Just wanted to drop a quick note about some amazing news: Epic Bar, which has been an incredible supporter of the Ancestral Health scene and the Savory Institute, has been acquired by General Mills. If you are unfamiliar with epic, that news piece does a good job of describing who and what they are:
The company, started in 2013 by Taylor Collins and Katie Forrest, created a new snack category by incorporating meat into snack bars. They focused on acquiring meat from animals that were grass-fed and pasture-raised, then packaged it with fruit and flavor combinations that hadn’t been seen.
The Epic folks “got” the sustainability story from the beginning. I think I may have made the first introduction between Epic and the Savory Institute, and Epic has been a huge supporter of all their efforts. Epic has provided a product and a venue to take grassfed meat and get it to “the masses” while also supporting the regenerative food production concept embodied by the Savory Institute. That is truly amazing.
Reactions to this event have generally been positive, but there are some who use terms like “sell-out” and “greedy” on the parts of the Epic folks. I’ve talked with Taylor and Katie and my understanding is that this acquisition will only improve their ability to support efforts like the Savory Institute and sustainable food production. I’m doing a special podcast with them to talk about the details, stay tuned for that. Before folks pull out the pitchforks on what should be a celebratory event I’d like you to consider a few things:
1- If you really believe in the ideas underpinning Ancestral health and regenerative agriculture and if you want these ideas to actually matter and affect change on a global scale, something, somewhere, sometime has to “get big.” We have all done a great job of building a grassroots, decentralized system, but it’s in it’s infancy and getting the muscle that a General Mills could bring to this topic is important.
2-Even though it is en vogue to criticise anything and everything related to corporations and “Big Business” these entities are not dumb. The writing is on the wall with regards to our current food production system…it ain’t gonna last in it’s current incarnation. I’ve known this for a long time and folks who look at these problems with an eye towards systems thinking and economics arrive at the same conclusion. What is going to be hard for many of you to square cognitively is that businesses, both big and small, will find ways of (egads!) “making a profit” while driving towards a sustainable future. Not trying to be a dick here, but for some folks this idea will confound them with such cognitive dissonance that they may spontaneously combust. A few large oil companies have looked at the Savory Institute and are incredibly interested in them for what they represent with regards to carbon sequestration (which is a potential profit center for these companies). Someday, some kind of deal will be struck between the SI and a large oil company (for starters). Some will see this for what it is: An amazing opportunity and a ray of hope that did not exist a decade earlier. Others will cultivate some kind of emotional response, because, you know, “big oil.”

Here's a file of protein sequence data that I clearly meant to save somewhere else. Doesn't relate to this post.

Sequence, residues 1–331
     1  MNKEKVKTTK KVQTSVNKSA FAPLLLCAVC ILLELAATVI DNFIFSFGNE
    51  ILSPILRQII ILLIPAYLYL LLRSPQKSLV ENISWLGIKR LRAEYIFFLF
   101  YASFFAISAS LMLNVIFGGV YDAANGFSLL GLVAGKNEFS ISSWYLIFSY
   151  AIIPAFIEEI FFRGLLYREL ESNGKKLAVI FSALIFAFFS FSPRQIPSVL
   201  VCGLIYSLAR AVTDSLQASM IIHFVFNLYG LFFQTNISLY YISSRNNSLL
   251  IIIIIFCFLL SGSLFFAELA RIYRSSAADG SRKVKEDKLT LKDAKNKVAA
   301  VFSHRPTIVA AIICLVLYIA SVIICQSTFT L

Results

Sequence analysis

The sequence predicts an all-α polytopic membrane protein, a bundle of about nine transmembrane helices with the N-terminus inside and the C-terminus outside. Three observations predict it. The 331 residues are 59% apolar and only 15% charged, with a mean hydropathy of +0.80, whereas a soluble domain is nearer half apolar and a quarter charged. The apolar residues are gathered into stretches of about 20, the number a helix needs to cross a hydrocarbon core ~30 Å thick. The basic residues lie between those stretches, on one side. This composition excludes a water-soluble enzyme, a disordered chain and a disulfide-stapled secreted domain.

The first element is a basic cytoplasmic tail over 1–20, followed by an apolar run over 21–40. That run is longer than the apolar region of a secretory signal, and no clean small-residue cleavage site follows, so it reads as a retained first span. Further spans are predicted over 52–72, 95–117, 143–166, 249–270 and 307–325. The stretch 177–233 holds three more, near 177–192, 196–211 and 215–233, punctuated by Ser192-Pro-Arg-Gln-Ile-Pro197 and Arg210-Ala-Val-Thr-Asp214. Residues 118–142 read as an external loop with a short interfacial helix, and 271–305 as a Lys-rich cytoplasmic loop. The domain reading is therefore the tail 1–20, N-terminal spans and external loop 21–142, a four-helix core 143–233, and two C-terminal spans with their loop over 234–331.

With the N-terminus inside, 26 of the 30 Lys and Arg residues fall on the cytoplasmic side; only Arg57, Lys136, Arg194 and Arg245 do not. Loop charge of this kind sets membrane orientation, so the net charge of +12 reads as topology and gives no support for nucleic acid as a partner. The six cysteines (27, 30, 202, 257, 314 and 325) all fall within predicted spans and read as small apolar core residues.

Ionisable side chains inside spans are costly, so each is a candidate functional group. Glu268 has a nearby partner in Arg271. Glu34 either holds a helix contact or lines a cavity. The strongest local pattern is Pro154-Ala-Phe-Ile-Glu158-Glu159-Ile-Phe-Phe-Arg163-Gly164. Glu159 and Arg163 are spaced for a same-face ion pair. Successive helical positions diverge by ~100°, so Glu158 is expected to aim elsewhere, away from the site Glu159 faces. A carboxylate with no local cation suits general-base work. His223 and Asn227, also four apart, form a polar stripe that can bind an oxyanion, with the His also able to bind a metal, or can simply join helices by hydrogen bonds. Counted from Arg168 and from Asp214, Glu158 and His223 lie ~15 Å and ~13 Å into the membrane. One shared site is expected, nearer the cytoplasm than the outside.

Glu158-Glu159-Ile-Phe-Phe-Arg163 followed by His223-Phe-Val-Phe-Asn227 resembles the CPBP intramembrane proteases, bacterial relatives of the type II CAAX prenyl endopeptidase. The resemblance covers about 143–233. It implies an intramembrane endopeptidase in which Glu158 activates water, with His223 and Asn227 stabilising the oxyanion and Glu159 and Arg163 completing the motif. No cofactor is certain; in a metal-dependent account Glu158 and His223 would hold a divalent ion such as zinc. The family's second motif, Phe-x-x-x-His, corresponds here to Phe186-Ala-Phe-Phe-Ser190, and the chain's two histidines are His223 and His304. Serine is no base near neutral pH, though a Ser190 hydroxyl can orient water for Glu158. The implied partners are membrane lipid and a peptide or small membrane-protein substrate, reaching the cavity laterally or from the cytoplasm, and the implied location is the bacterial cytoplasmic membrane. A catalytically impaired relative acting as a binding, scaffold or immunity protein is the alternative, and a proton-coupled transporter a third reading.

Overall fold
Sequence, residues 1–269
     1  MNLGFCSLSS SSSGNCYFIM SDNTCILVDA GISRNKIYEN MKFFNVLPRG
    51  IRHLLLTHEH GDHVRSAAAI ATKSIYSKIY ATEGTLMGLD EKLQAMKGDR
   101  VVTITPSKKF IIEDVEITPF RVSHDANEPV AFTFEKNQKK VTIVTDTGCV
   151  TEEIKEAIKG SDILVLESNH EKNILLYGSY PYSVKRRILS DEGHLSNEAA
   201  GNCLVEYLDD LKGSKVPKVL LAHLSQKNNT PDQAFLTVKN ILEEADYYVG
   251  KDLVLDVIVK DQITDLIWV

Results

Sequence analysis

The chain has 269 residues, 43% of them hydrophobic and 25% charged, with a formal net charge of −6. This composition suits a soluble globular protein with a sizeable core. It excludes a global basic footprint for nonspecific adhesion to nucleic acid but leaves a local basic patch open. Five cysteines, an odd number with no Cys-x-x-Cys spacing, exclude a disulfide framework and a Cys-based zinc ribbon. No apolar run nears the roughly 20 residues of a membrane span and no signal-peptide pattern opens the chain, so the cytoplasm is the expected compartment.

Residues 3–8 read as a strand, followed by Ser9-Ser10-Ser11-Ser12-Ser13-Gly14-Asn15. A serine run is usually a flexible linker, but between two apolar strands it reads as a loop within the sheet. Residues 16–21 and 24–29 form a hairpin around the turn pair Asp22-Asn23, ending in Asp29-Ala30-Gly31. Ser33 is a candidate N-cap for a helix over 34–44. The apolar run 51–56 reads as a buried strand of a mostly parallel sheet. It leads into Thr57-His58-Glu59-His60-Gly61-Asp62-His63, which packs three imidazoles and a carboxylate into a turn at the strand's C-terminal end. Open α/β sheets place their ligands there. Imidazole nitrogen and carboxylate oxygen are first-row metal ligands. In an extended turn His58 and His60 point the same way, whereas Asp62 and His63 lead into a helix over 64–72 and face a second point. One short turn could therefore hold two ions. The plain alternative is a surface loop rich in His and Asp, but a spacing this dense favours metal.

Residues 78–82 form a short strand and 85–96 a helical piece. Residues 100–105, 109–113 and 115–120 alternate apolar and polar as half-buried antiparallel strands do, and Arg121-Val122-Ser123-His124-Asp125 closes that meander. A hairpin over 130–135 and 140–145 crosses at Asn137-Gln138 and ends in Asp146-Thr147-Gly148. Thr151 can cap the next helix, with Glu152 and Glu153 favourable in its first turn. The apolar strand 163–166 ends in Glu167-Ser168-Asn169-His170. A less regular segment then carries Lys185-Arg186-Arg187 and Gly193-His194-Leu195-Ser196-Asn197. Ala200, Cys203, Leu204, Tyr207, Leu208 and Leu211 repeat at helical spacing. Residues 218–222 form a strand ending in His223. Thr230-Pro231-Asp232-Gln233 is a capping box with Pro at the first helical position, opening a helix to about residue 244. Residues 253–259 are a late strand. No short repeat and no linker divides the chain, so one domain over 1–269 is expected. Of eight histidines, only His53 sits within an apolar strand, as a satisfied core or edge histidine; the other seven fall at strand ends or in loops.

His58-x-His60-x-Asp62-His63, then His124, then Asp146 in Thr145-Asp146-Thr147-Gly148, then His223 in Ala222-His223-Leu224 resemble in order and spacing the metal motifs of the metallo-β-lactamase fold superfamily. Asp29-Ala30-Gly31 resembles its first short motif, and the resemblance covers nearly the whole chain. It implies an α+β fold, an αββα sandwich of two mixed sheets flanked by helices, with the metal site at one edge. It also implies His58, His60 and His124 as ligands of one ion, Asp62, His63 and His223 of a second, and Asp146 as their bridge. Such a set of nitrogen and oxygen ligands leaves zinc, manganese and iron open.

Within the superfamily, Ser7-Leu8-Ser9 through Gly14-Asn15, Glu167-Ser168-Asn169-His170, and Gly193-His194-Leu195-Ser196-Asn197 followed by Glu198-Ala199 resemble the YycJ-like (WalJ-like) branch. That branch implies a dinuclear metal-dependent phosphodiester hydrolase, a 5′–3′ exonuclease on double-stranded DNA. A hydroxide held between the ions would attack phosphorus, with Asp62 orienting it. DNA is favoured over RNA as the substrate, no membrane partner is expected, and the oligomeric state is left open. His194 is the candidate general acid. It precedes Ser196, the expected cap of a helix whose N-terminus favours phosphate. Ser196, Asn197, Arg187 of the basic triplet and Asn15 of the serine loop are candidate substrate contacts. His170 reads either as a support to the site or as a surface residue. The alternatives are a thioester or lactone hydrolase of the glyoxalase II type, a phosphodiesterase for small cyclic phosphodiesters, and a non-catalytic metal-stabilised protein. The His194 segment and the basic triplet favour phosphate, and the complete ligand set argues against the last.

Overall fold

I had a much longer list in mind for why this is a good thing but this is enough for now. One thing I’ve learned in my now 17+ years of beating these drums is that most people will arrive to this discussion with their minds made up. A SMALL percentage of folks will be open to critically analyzing things, but the vast majority will be unmoved, no matter what is put before them. Some people will steadfastly argue that General Mills will screw this up and ruin Epic. If you “get” points 1 and 2 above you will understand why this is unlikely to happen. Our world is changing. This process of embracing sustainability is going to happen. If General Mills shits the bed on this it will be too bad for them as the opportunity is staggering. You may think I’m a bit cocksure in all this but none of this relies on some kind of high-minded belief in the “people doing the right thing.” I am confident that the economics will make a move towards sustainability the smart smart (ONLY?) choice for General Mills and other companies. It really cannot be any other way.
Let’s say for a moment however that I’m wrong about that. Let’s say that General Mills is going to screw this up in some way. Well, in that case we have a story of two young entrepreneurs who took on enormous risk, worked their asses off and have garnered a good bit of success in the process. If you can concoct a story in your head in which Taylor and Katie are bad people for working their asses off and being successful…well….
Let’s celebrate this success and give this amazing opportunity the EPIC love and attention it deserves.